The secondary endpoints included: 1) operative outcomes, such as blood loss volume, duration of surgery, intraoperative complication rates, and number of examined and metastatic lymph nodes, 2) long-term surgical outcomes, including anastomotic leakage and anastomotic stricture rates.

Approach to Tumor Location Identification

Tumor location was confirmed by intraoperative revision. The tumor was considered in the descending colon if it was located in the part of the colon, fixed to the left wall of the abdomen by Toldt’s fascia. If the tumor was in the mobile part of the colon, not fixed by Toldt’s fascia-it was considered in sigmoid colon.

The tumor was supposed to be in the middle third of the sigmoid colon if both resection margins were within the sigmoid colon. If the proximal resection margin was within the descending colon, while the distal resection margin was within the sigmoid colon, the tumor was considered in the proximal third. If the distal resection margin was within the upper rectum, the tumor was considered in the distal part of sigmoid colon.

Surgical Approach

In the SVL group, left segmental resection, sigmoid colon resection, or anterior rectal resection with D3 lymph node dissection was performed. The IMA was unsealed from the surrounding mesocolic tissue to preserve the vessels outside the resection margins (Figure 1). If the tumor was in the upper third of the sigmoid colon, the distal resection margin was above the promontorium-the SRA was preserved in those cases, while the IMA was skeletonized and sigmoid branches were ligated in the same way described by Kobayashi et al. (4,5) (Figure 2a). The LCA was ligated if it supplied the descending colon at the level of the proximal resection line. Otherwise, both LCA and SRA were preserved.

The SRA was ligated if the distal resection line was below the promontorium, i.e., sigmoid colon resection with anterior rectal resection was performed. In those cases, the LCA was preserved (Figure 2b).

If resection of the sigmoid colon for middle third tumors was managed, both the LCA and SRA were spared (Figure 2c). The root of IMA was exposed to guarantee the excision of lymph nodes from the group № 253-the D3 LND was performed.

In the CVL group, left hemicolectomy with CME was performed (1). The IMA was ligated at the root based on the principles suggested by Hohenberger. In these procedures, the proximal resection margin was at the splenic flexure, while the distal resection margin in the upper third of the rectum. The apical lymph node dissection was guaranteed by high IMA ligation at the level of its outflow from the aorta. The aorta sidewall was exposed while the length of IMA stump was no longer than 1 cm in length.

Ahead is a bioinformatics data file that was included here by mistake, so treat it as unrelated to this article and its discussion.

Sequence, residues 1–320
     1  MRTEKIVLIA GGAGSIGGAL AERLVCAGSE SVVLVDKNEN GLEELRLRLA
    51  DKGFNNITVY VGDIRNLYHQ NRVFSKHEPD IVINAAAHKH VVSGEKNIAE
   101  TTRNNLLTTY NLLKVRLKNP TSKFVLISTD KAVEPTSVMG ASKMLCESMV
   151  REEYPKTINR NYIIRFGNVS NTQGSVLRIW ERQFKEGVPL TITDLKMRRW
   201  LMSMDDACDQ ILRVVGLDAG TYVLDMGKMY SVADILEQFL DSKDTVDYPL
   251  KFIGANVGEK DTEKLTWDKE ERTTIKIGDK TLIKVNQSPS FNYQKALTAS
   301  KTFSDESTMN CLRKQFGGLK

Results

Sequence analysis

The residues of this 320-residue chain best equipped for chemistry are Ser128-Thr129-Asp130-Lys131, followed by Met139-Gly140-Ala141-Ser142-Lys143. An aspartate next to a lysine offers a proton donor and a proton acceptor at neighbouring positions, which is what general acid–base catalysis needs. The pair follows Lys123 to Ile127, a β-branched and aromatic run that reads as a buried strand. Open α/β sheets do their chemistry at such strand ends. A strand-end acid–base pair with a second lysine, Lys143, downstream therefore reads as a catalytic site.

In both groups, anastomosis was performed by double-stapling technique in end-to-end or side-to-end fashion.

Specimen Processing

The photograph of unfixed, unopened specimen was made along the metric scale prior to formaline fixation. Lymph node dissection from the mesocolon tissue was performed by the assisting surgeon. The mesocolon tissue along the inferior mesenteric artery branches was dissected for lymph node excision and grouped according to lymph node classification described in the JSCCR guidelines 2019 for the treatment of colorectal cancer (7). The specimen was characterized using a standardized pathology report for colorectal cancer (8).

Statistical Analysis

Categorical variables were presented as absolute counts and percentages for the whole sample and were compared using Pearson’s chi-square or Fisher’s exact test, as appropriate.

Continuous data were presented as mean ± standard error and interquartile range. Non-normally distributed data were compared using the Mann-Whitney U test. Five-year survival rates were estimated with the Kaplan-Meier method.


This retrospective study included 217 consecutive patients treated for sigmoid colon cancer at the Clinic for Coloproctology and Minimally Invasive Surgery (Moscow, Russia): Nineteen patients were excluded because of D2 lymph node dissection, six patients were excluded because of multiple primary cancer, and 28 patients did not match the criteria of inclusion because of obstructive sigmoid colon resection, extended left colectomy, or anterior rectal resection. As a result, 164 patients were included in the study. Finally, three patients were lost to follow-up. Overall, 161 patients were included in this study.

The CVL database included 50 patients treated for sigmoid colon cancer, two patients had primary multiple cancers. One patient was excluded because of obstructive sigmoid colon resection. Finally, 47 patients met the inclusion criteria.

There were no inter-group differences in clinicopathological characteristics, such as age, body mass index (BMI), tumor stage, and differentiation (p> 0.05; Table 1).

In the CVL group, left hemicolectomy with splenic flexure mobilization was performed in all cases because of high ligation of IMA. In the SVL group, segmental left colon resection for proximal sigmoid cancer was performed in 10 cases (6.1%), sigmoid colon resection-in 83 cases (51.5%), sigmoid colon and anterior rectal resection-in 68 cases (32.9%). In 22 cases (13.7 %), anastomosis formation demanded splenic flexure mobilization.

The operative time was significantly lower in SVL even though the robot-assisted approach was used in the study group (225.56 vs 330.69, p< 0.001).